Andersen Air Force Base stars in Netflix film ‘Operation Christmas Drop’
Prepare to swoon, holiday romance enthusiasts.
An upcoming Netflix film, “Operation Christmas Drop,” features a love story centered on an annual military tradition of the same name at Andersen Air Force Base, Guam.
Available for streaming Nov. 5, the film tells the story of a Grinch-like congressional aide, Erica Miller, who skips her family Christmas to observe the annual Air Force operation in December that brings donations and supplies to remote islands in Micronesia, according to a Netflix statement Friday. Her mission: to find reasons to defund Andersen.
“Well if we’re looking to close down bases, this one’s flashing red and green,” Miller’s congresswoman boss says in the trailer.
But Miller’s perception softens when she meets Air Force Capt. Andrew Jantz, who helps her experience “the customs and communal spirit of (his) adopted home,” according to the statement. Scenes in the trailer show the couple meeting islanders, dancing and walking through Christmas light displays on base.
“Just give me 24 hours to show you what we do here,” the love interest croons in the trailer. “Then, write whatever you want in your report.”
While the love story is contrived, the film’s namesake is very real. For nearly 70 years, the Air Force has been using aircraft to drop needed supplies to island populations not easily reached by boat.
The residents of Guam and Andersen each year pack large boxes of donated food, tools, clothing and toys for Operation Christmas Drop. Airmen in Santa hats parachute the boxes from the back of C-130J Super Hercules cargo planes.
Shots from the 2019 operation were used in the Netflix film, and its crew from Hollywood volunteered to sort donations on their days off, according to the statement.
In the trailer, the fictional congresswoman criticizes “using military equipment to drop Christmas presents,” but the mission has an operational benefit, as well. It provides a real-world opportunity for airmen to practice airdrops, used to resupply forces in ground operations.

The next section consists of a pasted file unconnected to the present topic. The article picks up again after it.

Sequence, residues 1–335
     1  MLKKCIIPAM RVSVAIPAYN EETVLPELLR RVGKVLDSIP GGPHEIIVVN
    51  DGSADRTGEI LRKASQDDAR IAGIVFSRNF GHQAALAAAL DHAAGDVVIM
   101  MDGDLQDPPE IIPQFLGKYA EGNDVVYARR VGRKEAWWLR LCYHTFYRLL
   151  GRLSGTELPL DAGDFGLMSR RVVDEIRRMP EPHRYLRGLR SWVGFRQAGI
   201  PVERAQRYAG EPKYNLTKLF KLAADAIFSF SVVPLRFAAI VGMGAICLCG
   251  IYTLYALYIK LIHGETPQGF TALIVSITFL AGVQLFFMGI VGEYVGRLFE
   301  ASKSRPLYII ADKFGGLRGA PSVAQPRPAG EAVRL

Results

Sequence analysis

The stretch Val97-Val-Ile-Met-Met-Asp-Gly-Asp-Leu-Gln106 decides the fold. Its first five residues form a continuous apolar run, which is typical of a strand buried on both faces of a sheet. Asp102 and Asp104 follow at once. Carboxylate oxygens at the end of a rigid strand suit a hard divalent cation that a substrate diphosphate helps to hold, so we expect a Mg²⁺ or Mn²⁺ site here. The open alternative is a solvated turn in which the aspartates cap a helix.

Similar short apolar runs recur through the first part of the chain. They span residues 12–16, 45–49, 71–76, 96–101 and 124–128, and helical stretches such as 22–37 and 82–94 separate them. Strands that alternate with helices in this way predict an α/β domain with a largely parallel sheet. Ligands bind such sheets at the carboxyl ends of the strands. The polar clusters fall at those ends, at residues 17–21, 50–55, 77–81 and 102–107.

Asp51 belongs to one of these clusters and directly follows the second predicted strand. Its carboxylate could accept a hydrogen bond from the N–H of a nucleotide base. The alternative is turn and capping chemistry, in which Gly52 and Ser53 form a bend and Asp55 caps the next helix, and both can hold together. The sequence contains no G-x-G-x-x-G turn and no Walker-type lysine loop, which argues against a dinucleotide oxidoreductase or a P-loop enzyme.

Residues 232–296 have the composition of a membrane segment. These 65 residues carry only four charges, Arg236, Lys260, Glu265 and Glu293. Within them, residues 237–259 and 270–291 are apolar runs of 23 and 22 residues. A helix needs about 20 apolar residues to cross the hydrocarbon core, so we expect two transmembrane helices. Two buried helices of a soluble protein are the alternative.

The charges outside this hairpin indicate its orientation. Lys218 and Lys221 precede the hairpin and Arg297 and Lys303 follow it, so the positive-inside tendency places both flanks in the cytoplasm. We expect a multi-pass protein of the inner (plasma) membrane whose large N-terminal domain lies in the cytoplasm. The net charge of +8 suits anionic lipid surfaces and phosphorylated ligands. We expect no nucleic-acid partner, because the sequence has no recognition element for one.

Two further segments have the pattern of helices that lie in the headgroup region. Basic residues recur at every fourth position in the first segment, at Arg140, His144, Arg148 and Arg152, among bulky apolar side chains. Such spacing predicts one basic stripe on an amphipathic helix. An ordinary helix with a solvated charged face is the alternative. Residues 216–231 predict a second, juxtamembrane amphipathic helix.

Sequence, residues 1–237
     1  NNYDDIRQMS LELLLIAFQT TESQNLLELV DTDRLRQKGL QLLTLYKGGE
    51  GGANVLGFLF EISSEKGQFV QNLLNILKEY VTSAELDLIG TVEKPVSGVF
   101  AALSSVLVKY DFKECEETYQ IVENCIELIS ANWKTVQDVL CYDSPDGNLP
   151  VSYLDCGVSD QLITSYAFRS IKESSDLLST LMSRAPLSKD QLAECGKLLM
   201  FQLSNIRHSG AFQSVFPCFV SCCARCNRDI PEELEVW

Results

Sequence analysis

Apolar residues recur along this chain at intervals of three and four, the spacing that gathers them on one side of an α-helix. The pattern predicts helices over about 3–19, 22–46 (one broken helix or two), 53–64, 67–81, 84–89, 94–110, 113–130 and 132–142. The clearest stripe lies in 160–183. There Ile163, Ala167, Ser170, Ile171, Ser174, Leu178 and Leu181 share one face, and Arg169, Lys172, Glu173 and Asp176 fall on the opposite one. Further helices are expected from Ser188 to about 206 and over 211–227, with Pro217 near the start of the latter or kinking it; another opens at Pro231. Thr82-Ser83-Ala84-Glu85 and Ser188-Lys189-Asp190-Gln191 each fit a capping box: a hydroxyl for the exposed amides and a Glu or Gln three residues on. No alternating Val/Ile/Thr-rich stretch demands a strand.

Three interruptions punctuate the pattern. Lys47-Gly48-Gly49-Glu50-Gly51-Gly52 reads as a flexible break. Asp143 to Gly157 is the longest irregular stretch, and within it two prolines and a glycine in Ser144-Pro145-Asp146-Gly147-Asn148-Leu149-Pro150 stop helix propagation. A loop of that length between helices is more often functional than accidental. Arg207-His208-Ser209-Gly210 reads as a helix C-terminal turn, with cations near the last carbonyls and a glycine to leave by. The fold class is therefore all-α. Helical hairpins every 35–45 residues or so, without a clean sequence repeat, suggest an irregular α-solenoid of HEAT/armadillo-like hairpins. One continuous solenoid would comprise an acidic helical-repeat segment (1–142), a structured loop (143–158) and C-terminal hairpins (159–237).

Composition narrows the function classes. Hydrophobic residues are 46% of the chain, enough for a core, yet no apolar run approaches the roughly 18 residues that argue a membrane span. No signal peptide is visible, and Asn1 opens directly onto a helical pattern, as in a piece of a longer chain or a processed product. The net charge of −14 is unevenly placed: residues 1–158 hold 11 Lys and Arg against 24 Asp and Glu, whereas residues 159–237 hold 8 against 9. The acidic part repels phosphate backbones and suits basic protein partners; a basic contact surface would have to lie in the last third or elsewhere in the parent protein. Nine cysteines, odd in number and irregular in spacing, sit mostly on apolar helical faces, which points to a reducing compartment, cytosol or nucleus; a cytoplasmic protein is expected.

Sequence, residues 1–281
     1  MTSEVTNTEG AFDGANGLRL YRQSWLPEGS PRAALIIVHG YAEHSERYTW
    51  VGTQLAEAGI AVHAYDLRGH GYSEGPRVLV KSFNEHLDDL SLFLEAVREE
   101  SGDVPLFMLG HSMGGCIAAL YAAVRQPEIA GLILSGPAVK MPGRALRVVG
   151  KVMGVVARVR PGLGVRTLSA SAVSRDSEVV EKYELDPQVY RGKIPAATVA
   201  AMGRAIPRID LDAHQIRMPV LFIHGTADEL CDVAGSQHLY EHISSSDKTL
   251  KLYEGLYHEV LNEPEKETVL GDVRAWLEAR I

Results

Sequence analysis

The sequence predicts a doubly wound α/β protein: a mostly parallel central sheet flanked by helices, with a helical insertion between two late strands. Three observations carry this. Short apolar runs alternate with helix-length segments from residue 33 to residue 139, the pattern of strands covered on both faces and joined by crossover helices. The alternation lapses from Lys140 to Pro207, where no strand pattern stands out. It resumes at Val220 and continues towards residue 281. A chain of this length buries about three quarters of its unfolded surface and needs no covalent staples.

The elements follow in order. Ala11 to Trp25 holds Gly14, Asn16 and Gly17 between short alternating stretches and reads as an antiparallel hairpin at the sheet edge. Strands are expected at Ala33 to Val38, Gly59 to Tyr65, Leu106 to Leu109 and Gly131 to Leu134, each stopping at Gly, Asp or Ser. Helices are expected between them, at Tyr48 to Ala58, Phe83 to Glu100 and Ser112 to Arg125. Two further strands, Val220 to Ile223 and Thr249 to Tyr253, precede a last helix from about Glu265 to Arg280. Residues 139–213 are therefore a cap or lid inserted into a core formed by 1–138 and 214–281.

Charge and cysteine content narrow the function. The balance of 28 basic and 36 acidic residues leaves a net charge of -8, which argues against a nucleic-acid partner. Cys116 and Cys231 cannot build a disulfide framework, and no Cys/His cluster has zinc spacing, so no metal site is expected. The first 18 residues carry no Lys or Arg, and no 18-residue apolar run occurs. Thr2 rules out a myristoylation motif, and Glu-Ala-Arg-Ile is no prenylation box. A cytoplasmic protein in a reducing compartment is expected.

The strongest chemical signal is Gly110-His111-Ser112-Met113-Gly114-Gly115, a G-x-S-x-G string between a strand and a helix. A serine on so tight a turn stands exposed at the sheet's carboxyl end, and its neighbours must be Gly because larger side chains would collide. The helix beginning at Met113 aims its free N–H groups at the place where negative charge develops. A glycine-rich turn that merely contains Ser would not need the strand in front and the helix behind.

About 90% of the film was shot on Andersen, including its jungle and beach scenes, according to the statement. Filmmakers used service members’ homes and businesses in the shoot. The base’s beachside bar, Bamboo Willies, even makes an appearance.
“There is no way to build an Air Force base for a movie — you just have to move onto one,” director Martin Wood said in the statement.
Actors and crews were allowed onto Air Force aircraft to film. The Navy also provided two helicopters and two ships “to portray an air-to-air sequence of travel to a distant island,” according to the statement.
“There’s actual footage we shot during the shooting of the movie, looking past our heroes all tethered into the open back of a C-130 doing aerial combat turns out over the ocean,” Wood said in the statement. “The entire crew used their air sickness bags – multiple times during that flight.”
“Operation Christmas Drop” is the first major Hollywood film to shoot on Guam, according to the statement. Air Force and Navy spouses and locals were hired as set decorators, production assistances and stand-ins.
“An authentic Chamorro village was built by local Chamorro chief and legendary celestial navigator, Guelo Rosario,” producer Steve McGlothen said in the statement.
The movie shows some of the real remote islands helped in the operation, as well, according to the statement.
“There is nothing faked and no green screen in Operation Christmas Drop — if you see it, it actually happened,” McGlothen said in the statement.
“Operation Christmas Drop” stars Kat Graham, Alexander Ludwig and Virginia Madsen.